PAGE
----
The army’s way of investigating itself is often not very serious. B’tselem reported, for instance, on an eleven year old Palestinian killed and two children injured without justification. B’tselem: “The army failed to open any investigation against the soldiers responsible even though all the army officials involved in the review of the incident clearly knew that the soldiers had used lethal weapons when their lives were not in jeopardy and had violated army regulations.”64
On December 31st 2001, three teenagers (ages fifteen (2) and seventeen) were killed by an anti-personnel shell fired from a tank in the Gaza Strip.65 There was difficulty in identifying the bodies, due to the intensity of the wounds. An IDF spokesman declared that the three had acted suspiciously. Two children also were killed, as bystanders, when the IDF fired missiles from a helicopter, targeting a car with an Islamic Jihad terrorist.66
Gideon Levy wrote in Ha’aretz, 67 that “when the IDF wanted to prevent immoral and illegal actions, it was able to do so. There are two offenses that IDF soldiers have rarely committed during the years of the occupation-sexual harassment and looting. The main reason for this is that the IDF fought with determination against both types of deplorable behavior. Soldiers knew that they faced severe punishment if they engaged in looting or rape. This is not the case with soldiers who open fire with such intolerable ease against children, prevent the ill from passing through roadblocks or abuse residents of the territories. These offenses are no less grave than rape or looting, but they are considered less grave by the IDF. In the perception of IDF senior officers the killing of unarmed children-an act that former Shin Bet security service chief Ami Ayalon has called ‘flagrantly illegal’ – does not merit investigation, denunciation or contrition, it is no wonder that a soldier who was manning the Kalanya road-block a week ago Saturday opened fire, in the midst of a conversation with his buddies, at a group of children who were throwing stones from a distance at which the soldiers were out of range. This time no children were killed.” Others were not so lucky. The IDF has not even investigated the circumstances of the deaths. 68

The IDF only launches investigations in cases of gross misconduct. The IDF has claimed that it has conducted 100 investigations since the beginning of the intifada, of these, 21 have involved allegedly illegal use of weapons.69 International procedures permit the use of lethal force only in cases of clear, immediate moral threat, when there is no possibility of using less potent force. Such a lucid, limited definition of “mortal threat” has not been applied by the IDF during the intifada, charged B’Tselem, the Israel Information Center for Human Rights in the Occupied Territories.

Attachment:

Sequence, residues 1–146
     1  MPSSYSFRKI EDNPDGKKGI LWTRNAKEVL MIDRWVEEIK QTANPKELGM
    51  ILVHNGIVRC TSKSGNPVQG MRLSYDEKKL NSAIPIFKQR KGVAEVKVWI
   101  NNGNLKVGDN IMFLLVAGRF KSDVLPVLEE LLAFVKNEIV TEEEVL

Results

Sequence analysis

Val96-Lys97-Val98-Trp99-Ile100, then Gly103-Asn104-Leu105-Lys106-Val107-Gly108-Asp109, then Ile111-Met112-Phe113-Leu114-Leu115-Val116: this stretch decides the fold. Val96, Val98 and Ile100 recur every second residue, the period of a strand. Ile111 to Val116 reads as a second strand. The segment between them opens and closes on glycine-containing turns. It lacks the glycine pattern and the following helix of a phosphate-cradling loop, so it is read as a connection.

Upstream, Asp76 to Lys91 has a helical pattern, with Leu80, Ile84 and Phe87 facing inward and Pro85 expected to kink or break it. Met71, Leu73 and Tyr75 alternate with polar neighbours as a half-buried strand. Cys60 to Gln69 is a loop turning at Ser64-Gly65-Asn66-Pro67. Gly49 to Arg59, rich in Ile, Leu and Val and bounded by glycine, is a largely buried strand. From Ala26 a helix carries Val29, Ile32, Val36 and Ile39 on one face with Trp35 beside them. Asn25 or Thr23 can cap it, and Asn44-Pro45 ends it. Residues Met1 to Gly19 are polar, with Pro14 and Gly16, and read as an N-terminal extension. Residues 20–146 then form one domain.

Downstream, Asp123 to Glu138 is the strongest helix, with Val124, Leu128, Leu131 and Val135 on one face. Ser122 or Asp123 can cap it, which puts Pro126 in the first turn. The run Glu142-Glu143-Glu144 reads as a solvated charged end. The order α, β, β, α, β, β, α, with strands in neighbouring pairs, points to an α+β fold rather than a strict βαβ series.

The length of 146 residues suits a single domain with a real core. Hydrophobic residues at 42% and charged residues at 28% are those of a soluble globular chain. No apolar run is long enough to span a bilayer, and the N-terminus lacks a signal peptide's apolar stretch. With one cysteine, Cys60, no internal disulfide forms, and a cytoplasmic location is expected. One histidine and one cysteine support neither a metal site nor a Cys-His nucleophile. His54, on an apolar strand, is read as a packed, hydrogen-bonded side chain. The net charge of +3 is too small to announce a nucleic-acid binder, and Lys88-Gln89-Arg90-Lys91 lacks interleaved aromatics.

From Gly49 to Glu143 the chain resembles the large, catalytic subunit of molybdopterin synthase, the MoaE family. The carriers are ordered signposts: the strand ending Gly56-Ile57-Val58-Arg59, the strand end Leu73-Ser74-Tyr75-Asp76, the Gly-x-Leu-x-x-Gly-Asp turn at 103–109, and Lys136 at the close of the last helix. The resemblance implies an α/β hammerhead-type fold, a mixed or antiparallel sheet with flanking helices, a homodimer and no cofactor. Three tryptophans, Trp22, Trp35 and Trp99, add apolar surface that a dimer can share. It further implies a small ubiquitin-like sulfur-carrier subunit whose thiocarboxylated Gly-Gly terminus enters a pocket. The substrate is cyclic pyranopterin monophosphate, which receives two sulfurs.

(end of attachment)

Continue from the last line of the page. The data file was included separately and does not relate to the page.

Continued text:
The Military Judge Advocate General spelled out conditions that must be met before the IDF carries out a selective assassination of a terror suspect. One such condition is that there must be well-supported information showing the terrorist will plan or carry out a terror attack in the near future. The fact that innocent children can be among the victims (for example traveling in the same car as the suspect) shows how problematic the extra-judicial executions (which are forbidden by international law) really are. At the same time, those in the car may not be at all innocent and on the way with explosives to blow themselves up inside Israel.
Another important issue that gets little attention is that of landmines and munitions remnants. On March 15, 2002 for instance, a Palestinian mother and her children were killed by an explosion. The Palestinian Center for Human Rights believes70 that they were killed by an Israeli mine. Every week a Palestinian child gets hurt either by a mine or munitions remnants71.